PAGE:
Wednesday, September 26, 2012

Columbia, South Carolina

On Monday we left Washington D.C. and continued our journey south.  Presently we are outside of Columbia, South Carolina.  It was interesting to watch the countryside change as we traveled more inland.  I got excited when we started seeing cotton fields, red clay, palm trees and tall pines.  Change is always good, which is why we chose the life style we have.  In D.C. nights were starting to get chilly, we even needed to turn on our heater in the early mornings.  Now we are turning on the air conditioner during the daytime hours!   On our route through North Carolina I noticed along the highway, which we were traveling on, historical markers noting that Major General William Sherman's armies had come through certain areas of the state in 1865.  Since we have been in South Carolina I have learned more about that history.  After burning Atlanta and capturing Savannah in December of 1864, General Sherman went north into the Carolinas in the spring of  1865.  He had his eye on destroying Columbia, South Carolina because the secession movement of the southern states started there.  We took a tour of the state house today and received a most wonderful history lesson of the state from our guide.  We learned that when General Sherman arrived in February of 1865 he burned the wooden state house and shot 6 cannon balls at the new state house, which at time was only in the early stages of construction.  The damage to the current state house can still be seen today.  Bronze stars mark where the artillery fire hit, and cracks in the stone from the damage are visible.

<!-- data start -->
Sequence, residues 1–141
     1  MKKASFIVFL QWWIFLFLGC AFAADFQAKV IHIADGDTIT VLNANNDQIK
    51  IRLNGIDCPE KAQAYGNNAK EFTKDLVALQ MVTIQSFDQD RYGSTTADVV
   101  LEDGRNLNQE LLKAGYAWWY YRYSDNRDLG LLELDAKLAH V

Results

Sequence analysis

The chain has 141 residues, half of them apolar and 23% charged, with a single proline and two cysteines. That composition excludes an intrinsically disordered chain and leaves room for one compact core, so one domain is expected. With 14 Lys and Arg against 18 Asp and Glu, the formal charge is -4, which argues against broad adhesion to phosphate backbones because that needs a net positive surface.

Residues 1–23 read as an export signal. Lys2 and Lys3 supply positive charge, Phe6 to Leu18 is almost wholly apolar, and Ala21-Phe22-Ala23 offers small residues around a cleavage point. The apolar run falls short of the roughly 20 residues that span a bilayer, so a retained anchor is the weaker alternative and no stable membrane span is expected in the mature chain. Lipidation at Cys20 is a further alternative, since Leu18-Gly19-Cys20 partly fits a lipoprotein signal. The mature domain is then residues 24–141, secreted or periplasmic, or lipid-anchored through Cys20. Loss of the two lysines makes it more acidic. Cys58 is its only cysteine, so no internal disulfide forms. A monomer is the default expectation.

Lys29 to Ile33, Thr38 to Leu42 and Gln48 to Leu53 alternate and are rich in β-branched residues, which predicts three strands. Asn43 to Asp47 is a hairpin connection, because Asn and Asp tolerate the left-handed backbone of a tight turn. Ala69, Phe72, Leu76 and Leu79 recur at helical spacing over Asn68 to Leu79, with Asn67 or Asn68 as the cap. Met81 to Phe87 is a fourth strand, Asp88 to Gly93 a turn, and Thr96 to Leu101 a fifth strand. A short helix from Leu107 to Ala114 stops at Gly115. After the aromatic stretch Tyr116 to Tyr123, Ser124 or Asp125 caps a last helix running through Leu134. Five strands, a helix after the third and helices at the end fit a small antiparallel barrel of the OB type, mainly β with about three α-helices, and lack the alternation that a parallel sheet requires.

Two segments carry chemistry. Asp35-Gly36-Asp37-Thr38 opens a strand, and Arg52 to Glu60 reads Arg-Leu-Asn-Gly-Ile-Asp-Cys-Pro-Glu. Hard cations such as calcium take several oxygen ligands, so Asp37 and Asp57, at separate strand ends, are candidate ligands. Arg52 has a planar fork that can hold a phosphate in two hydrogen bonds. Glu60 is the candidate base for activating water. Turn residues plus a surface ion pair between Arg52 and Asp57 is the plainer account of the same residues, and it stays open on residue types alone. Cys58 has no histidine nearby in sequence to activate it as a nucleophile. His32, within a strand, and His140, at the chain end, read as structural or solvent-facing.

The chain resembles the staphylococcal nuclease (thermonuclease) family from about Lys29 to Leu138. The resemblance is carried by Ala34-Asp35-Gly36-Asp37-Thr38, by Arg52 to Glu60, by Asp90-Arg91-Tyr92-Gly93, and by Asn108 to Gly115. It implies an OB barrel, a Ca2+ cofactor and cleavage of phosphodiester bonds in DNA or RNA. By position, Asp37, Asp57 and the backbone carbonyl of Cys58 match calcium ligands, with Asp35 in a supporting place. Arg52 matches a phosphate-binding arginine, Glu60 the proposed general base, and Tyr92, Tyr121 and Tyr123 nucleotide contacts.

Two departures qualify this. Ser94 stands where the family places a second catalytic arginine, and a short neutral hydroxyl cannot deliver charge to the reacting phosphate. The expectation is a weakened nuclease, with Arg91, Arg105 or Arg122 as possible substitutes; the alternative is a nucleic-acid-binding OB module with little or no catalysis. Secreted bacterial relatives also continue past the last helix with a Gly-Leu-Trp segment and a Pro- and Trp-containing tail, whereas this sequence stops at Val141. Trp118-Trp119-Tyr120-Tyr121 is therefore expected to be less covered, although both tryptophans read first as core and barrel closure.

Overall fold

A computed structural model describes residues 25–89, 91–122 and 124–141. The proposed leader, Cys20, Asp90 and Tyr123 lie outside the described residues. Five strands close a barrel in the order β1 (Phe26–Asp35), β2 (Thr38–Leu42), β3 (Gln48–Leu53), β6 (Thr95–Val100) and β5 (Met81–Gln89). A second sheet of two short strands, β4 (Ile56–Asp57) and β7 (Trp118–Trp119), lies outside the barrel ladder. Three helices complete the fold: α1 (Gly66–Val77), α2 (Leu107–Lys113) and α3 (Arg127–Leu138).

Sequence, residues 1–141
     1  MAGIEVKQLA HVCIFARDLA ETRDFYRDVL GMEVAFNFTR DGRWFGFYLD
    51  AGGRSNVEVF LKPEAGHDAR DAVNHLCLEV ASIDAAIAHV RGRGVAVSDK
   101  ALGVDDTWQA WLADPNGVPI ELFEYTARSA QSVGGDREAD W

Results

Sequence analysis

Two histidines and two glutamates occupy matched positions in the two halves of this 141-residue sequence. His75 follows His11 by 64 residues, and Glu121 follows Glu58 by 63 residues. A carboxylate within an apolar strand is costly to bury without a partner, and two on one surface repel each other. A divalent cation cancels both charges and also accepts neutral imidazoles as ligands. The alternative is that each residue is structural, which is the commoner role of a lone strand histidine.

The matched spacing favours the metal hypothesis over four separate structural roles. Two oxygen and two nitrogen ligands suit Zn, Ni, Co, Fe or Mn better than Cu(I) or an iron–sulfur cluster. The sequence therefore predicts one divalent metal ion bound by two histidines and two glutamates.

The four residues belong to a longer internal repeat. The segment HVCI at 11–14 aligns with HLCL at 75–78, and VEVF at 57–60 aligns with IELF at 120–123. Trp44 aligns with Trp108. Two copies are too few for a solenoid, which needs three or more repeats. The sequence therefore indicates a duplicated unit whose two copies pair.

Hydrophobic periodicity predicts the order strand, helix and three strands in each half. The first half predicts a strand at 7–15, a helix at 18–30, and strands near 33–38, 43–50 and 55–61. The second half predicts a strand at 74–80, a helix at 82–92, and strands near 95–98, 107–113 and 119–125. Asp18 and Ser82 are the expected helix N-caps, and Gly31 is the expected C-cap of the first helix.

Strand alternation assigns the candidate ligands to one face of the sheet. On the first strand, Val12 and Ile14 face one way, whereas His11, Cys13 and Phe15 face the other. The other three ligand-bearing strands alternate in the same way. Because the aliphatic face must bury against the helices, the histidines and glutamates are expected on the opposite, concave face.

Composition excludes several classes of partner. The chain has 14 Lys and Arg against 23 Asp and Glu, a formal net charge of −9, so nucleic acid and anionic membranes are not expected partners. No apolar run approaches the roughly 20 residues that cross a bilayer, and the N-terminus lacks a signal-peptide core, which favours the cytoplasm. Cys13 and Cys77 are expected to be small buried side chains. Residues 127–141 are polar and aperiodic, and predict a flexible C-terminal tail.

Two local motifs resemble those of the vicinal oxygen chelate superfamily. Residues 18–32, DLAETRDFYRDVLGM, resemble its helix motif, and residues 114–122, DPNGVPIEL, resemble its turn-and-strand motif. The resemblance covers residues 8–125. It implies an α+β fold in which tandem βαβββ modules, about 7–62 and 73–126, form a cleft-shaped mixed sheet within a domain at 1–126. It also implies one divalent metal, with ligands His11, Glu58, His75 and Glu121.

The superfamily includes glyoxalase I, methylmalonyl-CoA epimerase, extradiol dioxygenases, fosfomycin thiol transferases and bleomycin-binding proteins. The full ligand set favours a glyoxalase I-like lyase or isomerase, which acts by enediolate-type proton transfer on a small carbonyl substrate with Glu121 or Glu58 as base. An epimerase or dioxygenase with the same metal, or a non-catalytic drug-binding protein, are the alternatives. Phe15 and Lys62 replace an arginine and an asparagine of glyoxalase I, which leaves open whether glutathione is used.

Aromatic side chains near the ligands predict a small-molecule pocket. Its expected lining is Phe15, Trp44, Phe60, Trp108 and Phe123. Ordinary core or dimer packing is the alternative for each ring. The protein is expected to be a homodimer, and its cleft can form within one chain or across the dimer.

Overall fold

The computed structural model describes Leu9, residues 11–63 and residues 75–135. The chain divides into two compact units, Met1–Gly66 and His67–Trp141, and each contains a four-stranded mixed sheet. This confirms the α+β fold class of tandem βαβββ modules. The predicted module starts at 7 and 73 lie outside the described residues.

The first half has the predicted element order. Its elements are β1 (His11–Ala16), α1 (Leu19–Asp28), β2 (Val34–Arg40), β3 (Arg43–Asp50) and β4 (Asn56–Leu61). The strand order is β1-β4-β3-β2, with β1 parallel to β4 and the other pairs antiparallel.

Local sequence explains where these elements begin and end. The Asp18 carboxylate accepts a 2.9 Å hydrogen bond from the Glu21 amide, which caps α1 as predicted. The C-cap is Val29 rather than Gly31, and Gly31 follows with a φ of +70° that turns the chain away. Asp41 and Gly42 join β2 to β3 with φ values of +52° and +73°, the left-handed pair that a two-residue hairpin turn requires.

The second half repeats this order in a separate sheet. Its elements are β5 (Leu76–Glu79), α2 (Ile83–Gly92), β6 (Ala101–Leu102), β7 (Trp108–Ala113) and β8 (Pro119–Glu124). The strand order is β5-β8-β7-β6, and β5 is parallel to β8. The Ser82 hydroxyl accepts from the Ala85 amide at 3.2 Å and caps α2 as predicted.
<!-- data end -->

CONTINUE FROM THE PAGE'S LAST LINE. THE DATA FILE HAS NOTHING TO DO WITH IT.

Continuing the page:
From 1867 to the mid 1880s little major work was done on the state house.  Much of the present interior work was completed from 1885 to 1895.  The copper dome and porticos were completed by 1907.  The main lobby is adorned with paintings, plaques, and statues that reflect the history of the state.  While explaining them our guide noted that the state had more battles within its borders during the Revolutionary War than any other colony on the east coast.  During the Civil War confrontations only happened at Fort Sumter and at Columbia.  Overlooking the main lobby is beautiful mosaic glass depicting the Seal of South Carolina.  The glass art can also be seen above the three entry doors shown below.
Across from the state house is Trinity Episcopal Church, built in 1812. Constructed in English Gothic, it was modeled after Britain's York Cathedral.  During the Civil War its iron spires were melted down to provide cannon balls for the Confederacy.  The sanctuary was not seriously damaged when Sherman burned the city.

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